• Make sure your organisation and its issue, cause, product or service have integrity and offer value. People will only spread positive word of mouth when they believe in something. So provide something worthwhile to talk about and remember word of mouth will always punish poor performance and those who lack integrity.
  • Be clear about who you want reach because WOM is all about people and their networks. Know who and where they are.
  • Identify, recruit and maintain relationships with people who can help you connect with your audiences. Often called 'key influencers', these individuals lend you their language, contacts and credibility when they carry your information into their networks.
  • Provide key influencers with simple messages, stories and pass-on tools so it is easy for them to spread the word about you. Constantly refresh your conversation with these people.
  • Use as many channels as possible to keep the conversation going. Create continual 'buzz' through face to face meetings, speaking to groups, inviting people to events and going on-line to either create your conversations or join in with others. Perhaps it is better to start with a few communications channels you are confident will work and then expand your repertoire as you see results.
  • Track the results of your conversations by encouraging feedback and using on-line and other tracking tools.
At the end of the day marketing is about doing the right thing by your customers, clients or fellow citizens and encouraging them to talk about you.

Friday, August 29, 2008

Diplomacy Goes Digital

The US State Department is embracing social media in an impressive way.

Its 'Dipnote' initiative offers a range of internet resources - videos, images, blogs, RSS feeds, podcasts etc - to inform the public about US diplomacy. The Dipnote blog is written by two State Department officers, one of whom travels with Secretary of State Condoleezza Rice.

Importantly 'Dipnote' allows people to have their say on world issues. For example a recent blogpost on the international community's role in the Russian- Georgian conflict drew 73 comments.

The new State Department internet site is in strong contrast with its Australian and New Zealand counterparts. Their websites continue to be mostly text based with little scope for public interaction.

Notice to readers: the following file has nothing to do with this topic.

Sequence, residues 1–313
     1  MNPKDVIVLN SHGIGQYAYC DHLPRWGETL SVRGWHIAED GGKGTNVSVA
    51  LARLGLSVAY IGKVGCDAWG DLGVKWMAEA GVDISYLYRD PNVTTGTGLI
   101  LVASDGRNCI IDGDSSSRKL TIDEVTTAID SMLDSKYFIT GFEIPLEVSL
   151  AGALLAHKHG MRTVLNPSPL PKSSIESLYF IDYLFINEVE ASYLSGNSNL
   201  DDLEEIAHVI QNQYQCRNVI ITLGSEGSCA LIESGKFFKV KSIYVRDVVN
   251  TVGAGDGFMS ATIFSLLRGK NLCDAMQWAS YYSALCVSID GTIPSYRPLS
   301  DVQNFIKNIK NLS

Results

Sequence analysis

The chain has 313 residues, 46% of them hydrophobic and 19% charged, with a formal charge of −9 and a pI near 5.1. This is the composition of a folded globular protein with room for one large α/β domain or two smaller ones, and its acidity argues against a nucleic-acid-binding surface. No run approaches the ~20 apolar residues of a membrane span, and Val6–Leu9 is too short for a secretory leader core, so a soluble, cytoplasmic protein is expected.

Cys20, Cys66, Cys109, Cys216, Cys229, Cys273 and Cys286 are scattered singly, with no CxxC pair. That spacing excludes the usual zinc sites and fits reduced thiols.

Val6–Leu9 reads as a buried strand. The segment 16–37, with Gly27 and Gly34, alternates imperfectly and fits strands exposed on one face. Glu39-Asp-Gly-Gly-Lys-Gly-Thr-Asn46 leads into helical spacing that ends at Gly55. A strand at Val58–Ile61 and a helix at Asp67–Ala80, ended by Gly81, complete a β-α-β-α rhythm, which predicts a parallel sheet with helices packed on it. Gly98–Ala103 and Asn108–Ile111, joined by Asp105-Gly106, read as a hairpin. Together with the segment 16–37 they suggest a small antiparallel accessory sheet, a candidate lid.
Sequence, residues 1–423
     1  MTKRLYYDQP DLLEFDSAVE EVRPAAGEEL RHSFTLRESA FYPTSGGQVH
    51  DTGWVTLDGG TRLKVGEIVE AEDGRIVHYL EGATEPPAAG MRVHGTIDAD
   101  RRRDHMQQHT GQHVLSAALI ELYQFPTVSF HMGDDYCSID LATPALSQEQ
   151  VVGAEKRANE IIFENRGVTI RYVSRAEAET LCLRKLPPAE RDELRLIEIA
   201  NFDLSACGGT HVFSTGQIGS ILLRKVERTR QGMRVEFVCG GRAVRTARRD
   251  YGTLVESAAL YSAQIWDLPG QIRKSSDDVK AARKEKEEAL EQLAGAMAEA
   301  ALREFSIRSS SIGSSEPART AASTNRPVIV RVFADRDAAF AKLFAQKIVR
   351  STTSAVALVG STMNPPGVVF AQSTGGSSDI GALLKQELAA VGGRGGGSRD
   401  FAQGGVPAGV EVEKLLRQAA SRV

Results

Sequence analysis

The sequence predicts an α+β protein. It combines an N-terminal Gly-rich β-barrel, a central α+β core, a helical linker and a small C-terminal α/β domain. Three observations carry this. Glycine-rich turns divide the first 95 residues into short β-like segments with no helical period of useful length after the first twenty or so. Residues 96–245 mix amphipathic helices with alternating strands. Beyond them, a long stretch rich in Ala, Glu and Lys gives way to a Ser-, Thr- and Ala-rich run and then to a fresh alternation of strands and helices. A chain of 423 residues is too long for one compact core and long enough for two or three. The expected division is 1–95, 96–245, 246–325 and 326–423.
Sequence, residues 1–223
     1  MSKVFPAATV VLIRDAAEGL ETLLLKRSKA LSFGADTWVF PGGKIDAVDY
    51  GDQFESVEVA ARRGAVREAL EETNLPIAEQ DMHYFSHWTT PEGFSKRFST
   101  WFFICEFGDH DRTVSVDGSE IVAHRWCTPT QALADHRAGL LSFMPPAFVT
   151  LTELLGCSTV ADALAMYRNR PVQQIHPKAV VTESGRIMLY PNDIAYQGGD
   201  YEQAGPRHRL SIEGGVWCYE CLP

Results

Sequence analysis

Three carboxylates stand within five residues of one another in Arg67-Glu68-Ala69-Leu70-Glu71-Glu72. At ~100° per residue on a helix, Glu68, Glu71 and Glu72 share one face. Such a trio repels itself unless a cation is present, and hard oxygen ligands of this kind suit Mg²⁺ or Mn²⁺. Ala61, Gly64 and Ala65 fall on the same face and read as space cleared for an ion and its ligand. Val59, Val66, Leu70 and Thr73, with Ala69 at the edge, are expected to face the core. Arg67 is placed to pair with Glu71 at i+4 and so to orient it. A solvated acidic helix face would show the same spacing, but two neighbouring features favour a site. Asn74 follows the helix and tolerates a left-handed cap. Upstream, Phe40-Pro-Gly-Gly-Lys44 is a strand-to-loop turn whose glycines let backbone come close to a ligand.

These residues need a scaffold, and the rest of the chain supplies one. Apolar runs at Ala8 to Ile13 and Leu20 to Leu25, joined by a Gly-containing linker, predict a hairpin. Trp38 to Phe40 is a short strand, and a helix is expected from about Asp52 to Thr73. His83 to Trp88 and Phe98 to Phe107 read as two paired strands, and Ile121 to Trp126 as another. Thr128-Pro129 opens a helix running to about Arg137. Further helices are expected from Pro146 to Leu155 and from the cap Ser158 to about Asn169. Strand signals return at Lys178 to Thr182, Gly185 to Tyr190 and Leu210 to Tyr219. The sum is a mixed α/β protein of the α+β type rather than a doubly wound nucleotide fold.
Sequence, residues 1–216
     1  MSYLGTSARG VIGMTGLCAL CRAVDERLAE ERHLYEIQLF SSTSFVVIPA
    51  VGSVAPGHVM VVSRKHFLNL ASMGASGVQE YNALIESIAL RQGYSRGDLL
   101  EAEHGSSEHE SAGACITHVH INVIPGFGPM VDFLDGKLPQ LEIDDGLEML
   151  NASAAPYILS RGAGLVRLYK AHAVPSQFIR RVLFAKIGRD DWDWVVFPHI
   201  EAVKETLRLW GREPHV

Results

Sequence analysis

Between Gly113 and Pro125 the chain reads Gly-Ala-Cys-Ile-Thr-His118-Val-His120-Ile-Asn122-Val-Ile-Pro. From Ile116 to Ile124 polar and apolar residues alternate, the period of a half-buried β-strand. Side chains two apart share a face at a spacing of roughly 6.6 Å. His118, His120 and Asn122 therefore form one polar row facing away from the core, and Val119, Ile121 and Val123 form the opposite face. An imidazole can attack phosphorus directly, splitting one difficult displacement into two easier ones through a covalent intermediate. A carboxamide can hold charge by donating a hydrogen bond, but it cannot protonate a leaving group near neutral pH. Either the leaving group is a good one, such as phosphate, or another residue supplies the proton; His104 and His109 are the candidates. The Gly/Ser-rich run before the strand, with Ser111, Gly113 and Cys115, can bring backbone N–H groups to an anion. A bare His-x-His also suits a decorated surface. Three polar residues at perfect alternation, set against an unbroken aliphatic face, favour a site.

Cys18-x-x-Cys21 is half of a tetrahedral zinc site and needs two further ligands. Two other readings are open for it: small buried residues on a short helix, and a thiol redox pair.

Canberra's First Word of Mouth Marketing Workshop

On 30 August we're running Canberra's first word of mouth marketing workshop for not for profits.

We have been steadily watching the rise and rise of word of mouth marketing in recent times and we tip it will become even more important in future. The reasons are simple:
  • After 50 plus years of day in day out marketing, people are weary and leery of advertising. For example when was the last time you saw, read or heard an ad that you can recall with any kind of accuracy? And more importantly when was the last time an ad motivated you to go out and buy something?
  • Word of mouth marketing is genuine communications. It is about people sharing information, experiences and feelings. We all have an innate desire to share good news with family, friends and workmates and warn them away from negative issues or bad products. Word of mouth is our information passed within our circle at our pace. And it removes the the middle men from our communications.
  • Digital media has made it possible to carry word of mouth endorsements and opinions to mass audiences and to individuals fast and cheap.
Our workshop is geared for not for profit organisations and it's already over-subscribed with representatives from 10 organisations attending.

It will be a good way to share experiences and explore how community groups can use this increasingly important marketing medium to advance their causes.

Tuesday, August 19, 2008

'Every Day Can't Be A Crisis'

Why is it some communicators are always in a 'flap' and everyday is a crisis?

PR people tend to be high energy individuals but really some of us do take things a little too far.

We live increasingly busy lives but sometimes we all need to smell the flowers. That's why I found a recent article in Tactics, the monthly newsletter of the Public Relations Society of America, so refreshing.

In the one page article Michigan-based PR professional, Rick Chambers, reminds us that 'every day can't be a crisis'. And among his uncommon common sense, Rick notes that:
  • Although we can prepare for the PR challenges ahead, we can't prepare for every one of them. At some point we need to realise that "things will take care of themselves".
  • In our profession sometimes it's all too easy to focus on the downside. After all we are the people who invented crisis management. Yet we, and many of colleagues, often do great work and we need to proclaim and celebrate that effort.
  • We should put a human face on the organisations we work for. They are more than logos, brands, policies and outcomes. At the end of the day our companies and agencies are collections of people and our job is to represent those people as best we can.